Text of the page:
More people live in cities now than ever before – 4.3 billion, to be exact. That’s 55 percent of the planet already living in a city today, and that number is on the rise: in 2050, two-thirds of the world population is expected to live in cities, according to the United Nations. In the next few years, there will be change on an unprecedented scale, as we’ll be sharing a larger amount of urban space with a greater number of people than ever before in history. The unpleasant reality of that is that our cities’ infrastructure isn’t built for mass automotive transportation, causing massive traffic jams and harmful congestion.
To solve the mass transportation issues that come with urbanization, we need to be thinking about other mobility solutions on the horizon. Advancing multimodal mobility in cities requires adaptability, flexibility and a willingness to share – not just our space and our vehicles, but also our ideas and methods of combating climate change. These challenges present an opportunity for startups and private transportation operators to gain share in the U.S. mobility market.
There is a widespread misperception that Uber and Lyft already dominate mobility services, but in reality, ridesharing only accounts for 1% of rides in the U.S., and the remaining 99% includes all kinds of transportation methods, including public transit. Additionally, there has been a recent decline in private car ownership for millennials in cities. As a result, there is a demand for emerging mobility startups across the U.S. such as Bird, Scoot, Lime and more to address the need for multimodal transportation in urban areas.
This rise of multimodal solutions has led to an influx of scooters, bikes and mopeds on city streets, which means cities need to be able to track where these dockless vehicles are being driven and parked. To avoid sidewalk clutter, the Los Angeles Department of Transportation has developed a groundbreaking digital tool called Mobility Data Specification, or MDS, to collect data on individual dockless vehicles and notify companies when vehicles are parked illegally. Looking ahead, we’ll see a growing number of startups partnering with local governments to provide cities with multimodel mobility solutions for the public.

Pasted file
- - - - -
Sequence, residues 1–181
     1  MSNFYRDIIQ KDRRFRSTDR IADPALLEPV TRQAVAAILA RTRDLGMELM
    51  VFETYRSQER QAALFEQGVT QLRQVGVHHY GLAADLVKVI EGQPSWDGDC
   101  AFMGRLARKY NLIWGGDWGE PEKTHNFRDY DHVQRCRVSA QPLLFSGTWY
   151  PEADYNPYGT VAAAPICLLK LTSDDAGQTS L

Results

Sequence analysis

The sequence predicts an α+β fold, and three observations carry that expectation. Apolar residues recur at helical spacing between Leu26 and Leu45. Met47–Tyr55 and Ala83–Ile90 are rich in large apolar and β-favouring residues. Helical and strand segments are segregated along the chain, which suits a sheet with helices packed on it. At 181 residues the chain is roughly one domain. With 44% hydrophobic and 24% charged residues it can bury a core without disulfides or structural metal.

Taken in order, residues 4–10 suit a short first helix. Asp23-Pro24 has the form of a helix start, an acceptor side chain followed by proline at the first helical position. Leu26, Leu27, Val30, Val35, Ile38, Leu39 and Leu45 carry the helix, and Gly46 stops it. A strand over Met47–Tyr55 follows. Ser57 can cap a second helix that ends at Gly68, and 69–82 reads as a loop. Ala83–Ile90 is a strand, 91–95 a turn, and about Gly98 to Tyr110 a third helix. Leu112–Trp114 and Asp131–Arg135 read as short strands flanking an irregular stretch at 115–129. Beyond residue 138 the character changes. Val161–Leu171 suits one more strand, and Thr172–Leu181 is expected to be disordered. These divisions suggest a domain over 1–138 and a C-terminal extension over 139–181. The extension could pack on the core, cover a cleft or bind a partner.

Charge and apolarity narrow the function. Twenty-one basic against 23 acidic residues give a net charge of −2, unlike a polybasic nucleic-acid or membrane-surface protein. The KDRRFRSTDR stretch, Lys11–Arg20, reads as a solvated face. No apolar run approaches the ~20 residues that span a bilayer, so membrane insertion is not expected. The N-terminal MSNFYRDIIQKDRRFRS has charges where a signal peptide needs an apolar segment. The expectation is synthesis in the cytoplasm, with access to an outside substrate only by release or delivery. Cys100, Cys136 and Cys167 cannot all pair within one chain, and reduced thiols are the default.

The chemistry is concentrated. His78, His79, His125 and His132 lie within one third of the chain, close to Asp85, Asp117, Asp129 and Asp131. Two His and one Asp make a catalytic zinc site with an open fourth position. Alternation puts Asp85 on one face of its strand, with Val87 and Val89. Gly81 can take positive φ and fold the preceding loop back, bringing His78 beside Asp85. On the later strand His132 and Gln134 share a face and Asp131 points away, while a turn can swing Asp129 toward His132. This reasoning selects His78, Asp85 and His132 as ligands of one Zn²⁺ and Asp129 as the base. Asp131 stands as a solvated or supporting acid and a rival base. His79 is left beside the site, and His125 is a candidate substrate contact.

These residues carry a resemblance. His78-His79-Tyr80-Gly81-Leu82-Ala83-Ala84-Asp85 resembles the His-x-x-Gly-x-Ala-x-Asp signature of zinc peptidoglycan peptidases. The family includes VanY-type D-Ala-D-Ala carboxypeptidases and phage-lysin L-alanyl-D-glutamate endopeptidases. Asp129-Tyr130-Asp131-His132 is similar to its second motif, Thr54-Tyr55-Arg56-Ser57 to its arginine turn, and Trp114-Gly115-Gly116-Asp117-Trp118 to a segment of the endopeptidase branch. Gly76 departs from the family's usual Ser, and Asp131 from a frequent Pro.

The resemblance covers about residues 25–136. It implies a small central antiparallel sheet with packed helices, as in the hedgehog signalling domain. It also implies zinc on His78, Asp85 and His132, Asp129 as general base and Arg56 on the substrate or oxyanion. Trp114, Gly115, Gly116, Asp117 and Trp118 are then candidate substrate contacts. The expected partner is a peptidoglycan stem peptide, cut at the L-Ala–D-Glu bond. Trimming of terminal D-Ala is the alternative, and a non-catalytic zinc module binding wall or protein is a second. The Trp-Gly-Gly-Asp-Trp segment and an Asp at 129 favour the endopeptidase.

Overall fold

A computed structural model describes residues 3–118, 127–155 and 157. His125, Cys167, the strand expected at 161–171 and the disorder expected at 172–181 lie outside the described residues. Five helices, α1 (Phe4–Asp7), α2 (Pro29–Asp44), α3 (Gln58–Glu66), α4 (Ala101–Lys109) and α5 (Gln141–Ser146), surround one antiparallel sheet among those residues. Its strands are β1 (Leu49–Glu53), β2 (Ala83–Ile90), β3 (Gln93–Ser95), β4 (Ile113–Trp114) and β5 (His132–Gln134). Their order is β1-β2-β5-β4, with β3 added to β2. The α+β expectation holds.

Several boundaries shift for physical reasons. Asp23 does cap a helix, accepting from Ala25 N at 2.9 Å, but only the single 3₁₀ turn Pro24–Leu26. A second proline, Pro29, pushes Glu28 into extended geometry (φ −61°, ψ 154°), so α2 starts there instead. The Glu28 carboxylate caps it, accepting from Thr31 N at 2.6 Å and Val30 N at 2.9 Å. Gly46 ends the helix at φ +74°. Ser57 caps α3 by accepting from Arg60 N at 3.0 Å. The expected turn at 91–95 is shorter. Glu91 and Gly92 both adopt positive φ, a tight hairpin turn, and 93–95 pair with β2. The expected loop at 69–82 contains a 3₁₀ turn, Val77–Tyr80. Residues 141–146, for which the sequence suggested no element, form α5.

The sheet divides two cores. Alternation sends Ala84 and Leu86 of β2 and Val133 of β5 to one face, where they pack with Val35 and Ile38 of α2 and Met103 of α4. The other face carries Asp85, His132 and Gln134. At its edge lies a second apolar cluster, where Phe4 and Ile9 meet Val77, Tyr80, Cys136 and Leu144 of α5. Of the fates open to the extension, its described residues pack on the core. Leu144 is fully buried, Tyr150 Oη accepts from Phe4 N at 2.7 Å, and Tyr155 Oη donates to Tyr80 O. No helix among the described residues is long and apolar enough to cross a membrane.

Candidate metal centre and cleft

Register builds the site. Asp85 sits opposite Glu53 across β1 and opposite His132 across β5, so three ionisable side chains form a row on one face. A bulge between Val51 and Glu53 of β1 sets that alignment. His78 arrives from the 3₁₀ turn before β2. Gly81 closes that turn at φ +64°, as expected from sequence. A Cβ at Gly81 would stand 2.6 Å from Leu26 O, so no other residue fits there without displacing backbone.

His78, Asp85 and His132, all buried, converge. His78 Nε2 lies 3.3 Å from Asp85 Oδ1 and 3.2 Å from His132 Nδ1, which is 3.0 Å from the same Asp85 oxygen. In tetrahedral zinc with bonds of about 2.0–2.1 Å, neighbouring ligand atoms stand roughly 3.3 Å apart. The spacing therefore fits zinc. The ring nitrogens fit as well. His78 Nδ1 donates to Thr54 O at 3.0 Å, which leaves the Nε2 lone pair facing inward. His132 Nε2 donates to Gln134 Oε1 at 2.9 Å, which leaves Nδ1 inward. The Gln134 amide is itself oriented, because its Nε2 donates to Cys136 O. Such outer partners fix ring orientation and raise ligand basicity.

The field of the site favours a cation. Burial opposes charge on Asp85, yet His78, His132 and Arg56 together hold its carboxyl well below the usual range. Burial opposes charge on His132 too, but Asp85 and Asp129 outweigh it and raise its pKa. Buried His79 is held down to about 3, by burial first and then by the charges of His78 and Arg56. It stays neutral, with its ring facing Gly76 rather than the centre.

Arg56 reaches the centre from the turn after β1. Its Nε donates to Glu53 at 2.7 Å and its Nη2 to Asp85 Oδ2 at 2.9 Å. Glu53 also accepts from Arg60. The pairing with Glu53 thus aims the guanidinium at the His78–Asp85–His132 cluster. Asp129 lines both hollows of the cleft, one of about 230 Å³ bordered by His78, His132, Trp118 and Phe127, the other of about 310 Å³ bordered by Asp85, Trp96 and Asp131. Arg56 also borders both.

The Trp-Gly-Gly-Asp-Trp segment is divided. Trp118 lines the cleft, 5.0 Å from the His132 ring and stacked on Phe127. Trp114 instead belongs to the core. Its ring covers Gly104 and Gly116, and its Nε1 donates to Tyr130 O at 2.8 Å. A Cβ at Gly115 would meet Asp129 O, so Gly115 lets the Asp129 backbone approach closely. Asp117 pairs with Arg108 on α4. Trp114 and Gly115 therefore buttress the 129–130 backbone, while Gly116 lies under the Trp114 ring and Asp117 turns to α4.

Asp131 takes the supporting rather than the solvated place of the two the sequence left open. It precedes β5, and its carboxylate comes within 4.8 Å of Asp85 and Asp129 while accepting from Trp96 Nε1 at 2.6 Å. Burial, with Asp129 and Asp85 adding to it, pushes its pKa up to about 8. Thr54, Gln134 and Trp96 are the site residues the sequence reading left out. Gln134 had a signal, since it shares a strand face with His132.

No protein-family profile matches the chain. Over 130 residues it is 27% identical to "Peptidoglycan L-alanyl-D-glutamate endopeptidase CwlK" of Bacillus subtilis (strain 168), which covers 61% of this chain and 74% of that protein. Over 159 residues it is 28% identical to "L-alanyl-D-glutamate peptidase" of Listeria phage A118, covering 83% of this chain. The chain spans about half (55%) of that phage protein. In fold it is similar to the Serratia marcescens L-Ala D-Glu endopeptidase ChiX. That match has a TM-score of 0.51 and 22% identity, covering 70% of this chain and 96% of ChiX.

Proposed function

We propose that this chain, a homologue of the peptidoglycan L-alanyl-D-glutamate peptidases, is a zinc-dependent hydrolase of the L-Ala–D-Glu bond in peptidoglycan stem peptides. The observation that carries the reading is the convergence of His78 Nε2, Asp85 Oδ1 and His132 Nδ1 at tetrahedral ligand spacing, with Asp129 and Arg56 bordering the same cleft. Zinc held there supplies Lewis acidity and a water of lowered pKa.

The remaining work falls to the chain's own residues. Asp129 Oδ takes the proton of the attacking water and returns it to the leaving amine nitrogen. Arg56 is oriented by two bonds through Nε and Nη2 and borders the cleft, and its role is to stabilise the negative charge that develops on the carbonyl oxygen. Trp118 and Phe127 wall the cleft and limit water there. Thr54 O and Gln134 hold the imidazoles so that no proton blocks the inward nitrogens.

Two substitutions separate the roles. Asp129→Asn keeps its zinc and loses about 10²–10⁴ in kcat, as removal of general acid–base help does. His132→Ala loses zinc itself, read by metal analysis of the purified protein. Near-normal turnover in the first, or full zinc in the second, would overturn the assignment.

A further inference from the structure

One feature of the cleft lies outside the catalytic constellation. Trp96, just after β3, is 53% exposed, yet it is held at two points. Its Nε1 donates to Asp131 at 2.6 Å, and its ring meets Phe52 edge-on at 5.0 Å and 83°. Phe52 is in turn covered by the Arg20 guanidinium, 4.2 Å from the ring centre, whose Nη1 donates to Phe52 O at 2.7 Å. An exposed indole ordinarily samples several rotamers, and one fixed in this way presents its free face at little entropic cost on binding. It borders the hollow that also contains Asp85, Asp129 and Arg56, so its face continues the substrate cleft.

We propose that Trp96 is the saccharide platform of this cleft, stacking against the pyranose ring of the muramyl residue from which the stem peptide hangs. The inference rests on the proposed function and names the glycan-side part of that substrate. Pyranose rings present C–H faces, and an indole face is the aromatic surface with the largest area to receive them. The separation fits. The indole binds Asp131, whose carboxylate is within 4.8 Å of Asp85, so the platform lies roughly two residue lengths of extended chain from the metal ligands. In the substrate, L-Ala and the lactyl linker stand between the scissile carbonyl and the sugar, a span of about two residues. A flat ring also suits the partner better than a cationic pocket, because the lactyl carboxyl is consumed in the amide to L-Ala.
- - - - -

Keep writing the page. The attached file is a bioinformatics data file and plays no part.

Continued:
Europe has remained ahead of the U.S. when it comes to exploring the latest mobility solutions. In European cities like Hamburg and Berlin, private companies are already collaborating with cities to help collect data on scooter operators in order to better understand and keep track of these new micromobility providers to ensure they’re operating compliantly. While this is a learning process, this has created better collaboration and understanding between the public and private sectors. The first step to solving the transportation gap is partnerships between city governments/public transportation and private operators to ensure consumers have access to the most robust mobility services.
One example of an emerging mobility solution is eco-friendly mobility startup Coaster Cycles, a manufacturer of next-generation pedicabs that have the potential to replace cars and bikes as a more efficient way to deliver large amounts of food and cargo from point A to point B in cities.
Another company on the rise is Kuhmute, a charging station provider from Flint, Michigan. Kuhmute provides vehicle-to-grid charging service for micromobility, which includes electric scooters, bikes, skateboards and last-mile autonomous delivery vehicles. Kuhmute’s goal is to minimize sidewalk clutter, while also helping to solve the last-mile problem and improve safety and accessibility for Flint residents.
The transportation industry in the U.S. is at an inflection point, and innovative companies like Coaster Cycles and Kuhmute are striving to provide us with more eco-friendly and convenient options for getting around. Over the years, vehicle ownership has driven huge economies, generated massive influence on policy, but as large-scale forces such as climate change, urbanization and millennials are shifting, so is the role of the automobile. This presents a challenge and an opportunity for stakeholders within the mobility space – whether it be OEMs, fleet operators or new market entrants trying to respond and harness these trends. The future of mobility is wide open and full of choices for the entire American economy.